“Another important task for Samir is field risk evaluation. The safety officer assesses the situation and performance of the crews on site and tries to find solutions for problems that arise during the missions. “Together with the security staff, we make sure that a flight is as secure as possible,” Samir explains.

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Children in the Syrian refugee camp of Era. (Photo: WFP / Hussam Al Saleh)

Keeping risks as low as possible

This is not an easy task because the ­conditions are often difficult and in remote ­regions there is often a lack of infra­structure. The runways are unpaved and there are often no ground crews at the landing sites. Sometimes there is not even a windsock. Fire protection and refueling facilities are also often lacking. Moreover, in conflict regions, there is frequently the risk of attacks on emergency forces and aircraft – in the air and on the ground.

 

In many cases, however, another challenge outweighs the risks that occur during the missions: the financing of WFP operations. “Often our hands are tied. And we have to minimize or even cancel an operation. Not because the people do not need us. Not because they are not hungry any more. Not because they are safe. And not because the operations are too risky. Simply because we do not have the money.”

 

The WFP is mainly financed by voluntary contributions from donor countries, which usually finance specific programs, as well as donations from companies and ­private individuals. In 2018, these ­contributions totaled almost 7.5 billion US dollars, and yet, “the gap is huge,” says Samir, ­because almost one billion people in the world still go hungry.

 

Despite this enormous scale, Samir ­believes that many people are unaware of the problem: “If you don’t see it, you don’t feel it,” he says. And he does not exclude himself from this assessment. When he joined the WFP in 2001, he also had no idea what work awaited him. His first humanitarian mission led Samir to Guinea in West Africa. “After that, I realized what type of job I was doing. And I said, I can do more to help.”.

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WFP providing air transport in the Democratic Republic of the Congo (DRC), Kananga, Kasai-Central. (Photo: WFP / Griff Tapper)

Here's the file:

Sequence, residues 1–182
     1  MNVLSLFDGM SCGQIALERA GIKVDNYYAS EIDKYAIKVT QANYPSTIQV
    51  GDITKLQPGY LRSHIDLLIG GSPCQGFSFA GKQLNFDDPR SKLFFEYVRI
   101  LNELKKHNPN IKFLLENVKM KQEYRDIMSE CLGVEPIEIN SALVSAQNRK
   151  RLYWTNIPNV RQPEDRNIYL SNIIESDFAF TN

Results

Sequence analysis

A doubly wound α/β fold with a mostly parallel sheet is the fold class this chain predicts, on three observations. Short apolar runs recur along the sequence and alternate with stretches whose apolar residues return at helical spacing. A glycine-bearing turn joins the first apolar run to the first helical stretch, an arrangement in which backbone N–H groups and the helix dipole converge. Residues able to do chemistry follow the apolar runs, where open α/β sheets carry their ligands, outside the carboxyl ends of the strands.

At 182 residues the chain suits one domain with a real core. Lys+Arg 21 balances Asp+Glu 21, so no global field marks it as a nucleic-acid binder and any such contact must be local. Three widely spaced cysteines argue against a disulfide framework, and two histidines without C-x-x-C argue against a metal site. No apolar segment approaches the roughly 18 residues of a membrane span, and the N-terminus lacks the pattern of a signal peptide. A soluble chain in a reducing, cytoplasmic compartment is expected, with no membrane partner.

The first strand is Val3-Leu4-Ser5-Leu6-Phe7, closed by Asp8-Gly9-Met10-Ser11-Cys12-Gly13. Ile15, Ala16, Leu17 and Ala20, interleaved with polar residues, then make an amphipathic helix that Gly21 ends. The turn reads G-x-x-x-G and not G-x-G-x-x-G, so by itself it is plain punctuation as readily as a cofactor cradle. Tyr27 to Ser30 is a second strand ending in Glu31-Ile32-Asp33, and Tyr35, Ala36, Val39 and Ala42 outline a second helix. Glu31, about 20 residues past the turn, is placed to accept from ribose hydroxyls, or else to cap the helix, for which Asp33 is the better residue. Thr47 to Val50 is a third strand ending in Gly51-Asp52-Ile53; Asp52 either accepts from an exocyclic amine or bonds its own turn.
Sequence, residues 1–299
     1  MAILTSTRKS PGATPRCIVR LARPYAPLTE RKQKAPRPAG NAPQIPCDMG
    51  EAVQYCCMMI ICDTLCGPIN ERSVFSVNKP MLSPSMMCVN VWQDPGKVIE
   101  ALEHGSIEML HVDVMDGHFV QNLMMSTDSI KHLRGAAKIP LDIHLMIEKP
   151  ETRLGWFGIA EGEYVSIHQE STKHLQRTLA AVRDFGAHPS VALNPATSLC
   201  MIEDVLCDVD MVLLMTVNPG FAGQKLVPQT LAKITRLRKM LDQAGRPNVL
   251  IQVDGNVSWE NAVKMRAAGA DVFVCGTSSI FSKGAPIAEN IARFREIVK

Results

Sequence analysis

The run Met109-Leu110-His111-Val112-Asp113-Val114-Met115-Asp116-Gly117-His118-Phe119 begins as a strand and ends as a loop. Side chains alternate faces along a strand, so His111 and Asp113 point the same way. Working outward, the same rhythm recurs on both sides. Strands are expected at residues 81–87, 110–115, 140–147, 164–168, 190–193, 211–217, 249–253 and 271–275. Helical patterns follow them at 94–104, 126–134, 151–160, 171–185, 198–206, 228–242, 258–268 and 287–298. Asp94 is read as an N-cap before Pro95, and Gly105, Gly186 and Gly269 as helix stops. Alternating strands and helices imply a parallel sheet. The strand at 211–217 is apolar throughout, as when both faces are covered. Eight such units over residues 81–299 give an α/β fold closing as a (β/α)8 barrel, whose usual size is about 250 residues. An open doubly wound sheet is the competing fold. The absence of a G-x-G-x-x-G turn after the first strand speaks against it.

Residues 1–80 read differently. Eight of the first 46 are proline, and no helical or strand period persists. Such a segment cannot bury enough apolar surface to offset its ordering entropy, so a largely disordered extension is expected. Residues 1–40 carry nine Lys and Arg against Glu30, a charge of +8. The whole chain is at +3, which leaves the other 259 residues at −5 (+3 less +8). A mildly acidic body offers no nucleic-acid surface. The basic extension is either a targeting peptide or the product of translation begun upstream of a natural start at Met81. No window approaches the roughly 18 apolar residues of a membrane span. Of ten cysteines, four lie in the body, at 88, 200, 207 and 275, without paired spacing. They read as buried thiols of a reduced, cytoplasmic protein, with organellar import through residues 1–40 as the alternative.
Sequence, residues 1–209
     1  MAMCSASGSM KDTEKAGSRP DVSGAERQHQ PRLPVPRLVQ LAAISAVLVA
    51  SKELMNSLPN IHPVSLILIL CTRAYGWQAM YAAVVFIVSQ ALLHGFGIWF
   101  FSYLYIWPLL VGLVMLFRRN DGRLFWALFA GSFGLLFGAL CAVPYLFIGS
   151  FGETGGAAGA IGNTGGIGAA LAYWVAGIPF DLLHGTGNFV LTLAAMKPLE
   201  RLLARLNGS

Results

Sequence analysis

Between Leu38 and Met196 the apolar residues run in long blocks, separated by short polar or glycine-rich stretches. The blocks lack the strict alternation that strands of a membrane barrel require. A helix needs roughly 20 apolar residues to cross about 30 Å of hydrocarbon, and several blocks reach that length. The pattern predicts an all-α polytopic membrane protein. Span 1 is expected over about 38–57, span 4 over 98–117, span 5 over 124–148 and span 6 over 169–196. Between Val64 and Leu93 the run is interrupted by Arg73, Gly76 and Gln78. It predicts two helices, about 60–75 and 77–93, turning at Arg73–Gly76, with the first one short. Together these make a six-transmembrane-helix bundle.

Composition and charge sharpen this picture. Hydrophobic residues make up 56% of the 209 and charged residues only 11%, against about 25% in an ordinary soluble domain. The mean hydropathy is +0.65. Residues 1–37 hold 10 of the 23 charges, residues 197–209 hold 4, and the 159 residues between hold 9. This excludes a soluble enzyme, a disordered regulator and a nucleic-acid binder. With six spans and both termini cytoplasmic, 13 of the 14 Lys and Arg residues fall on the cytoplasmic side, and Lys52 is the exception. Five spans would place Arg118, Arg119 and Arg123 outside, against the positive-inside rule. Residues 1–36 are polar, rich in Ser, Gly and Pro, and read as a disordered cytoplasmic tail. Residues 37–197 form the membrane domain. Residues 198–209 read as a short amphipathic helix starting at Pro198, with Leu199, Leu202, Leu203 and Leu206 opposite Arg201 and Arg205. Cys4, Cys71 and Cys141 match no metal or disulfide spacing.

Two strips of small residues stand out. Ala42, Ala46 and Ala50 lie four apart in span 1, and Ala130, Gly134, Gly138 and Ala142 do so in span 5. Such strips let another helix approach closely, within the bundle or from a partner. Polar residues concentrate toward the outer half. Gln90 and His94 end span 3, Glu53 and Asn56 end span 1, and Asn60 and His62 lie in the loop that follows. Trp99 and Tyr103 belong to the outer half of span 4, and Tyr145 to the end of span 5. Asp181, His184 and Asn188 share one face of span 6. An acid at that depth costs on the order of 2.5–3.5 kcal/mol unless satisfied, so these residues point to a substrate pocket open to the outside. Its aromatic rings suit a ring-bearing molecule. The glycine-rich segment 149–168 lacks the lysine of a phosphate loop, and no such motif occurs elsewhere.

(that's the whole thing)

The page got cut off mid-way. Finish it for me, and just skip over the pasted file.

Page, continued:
Key to success: reliable aircraft and availability when you need it

Whether carrying people or cargo, in addition to having an experienced crew and well-trained ground personnel, having a robust aircraft and ­regular maintenance is a key factor for mission success. World Food ­Programme Aviation Safety Officer Captain Samir Sajet explains: “The WFP’s air operations facilitate access supporting humanitarian interventions in response to natural or man-made crises in some of the most remote and hostile ­locations on the planet. As the WFP aviation operation can mean the fine line between life and death, being emergency-ready is the main element of success, especially by having a list of qualified air operators with aircraft that are well maintained and airworthy.”

Promoting aviation safety

“Fighting hunger is the principal concern of WFP. However, in many places where WFP staff are deployed, they also make an active contribution to flight safety. Samir Sajet and his team, for example, provide on-site training for ground staff. In addition, the WFP organizes regular meetings at various locations around the world to further improve the cooperation of operators with civil aviation authorities and other institutions. As well as improving flight safety, these measures directly help those involved in the affected regions. “By investing in the education of local people, we improve the infrastructure in the country,” Samir Sajet explains.

 

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A refugee girl from Helmand Province in Afghanistan carries a WFP grain sack. (Photo: alamy)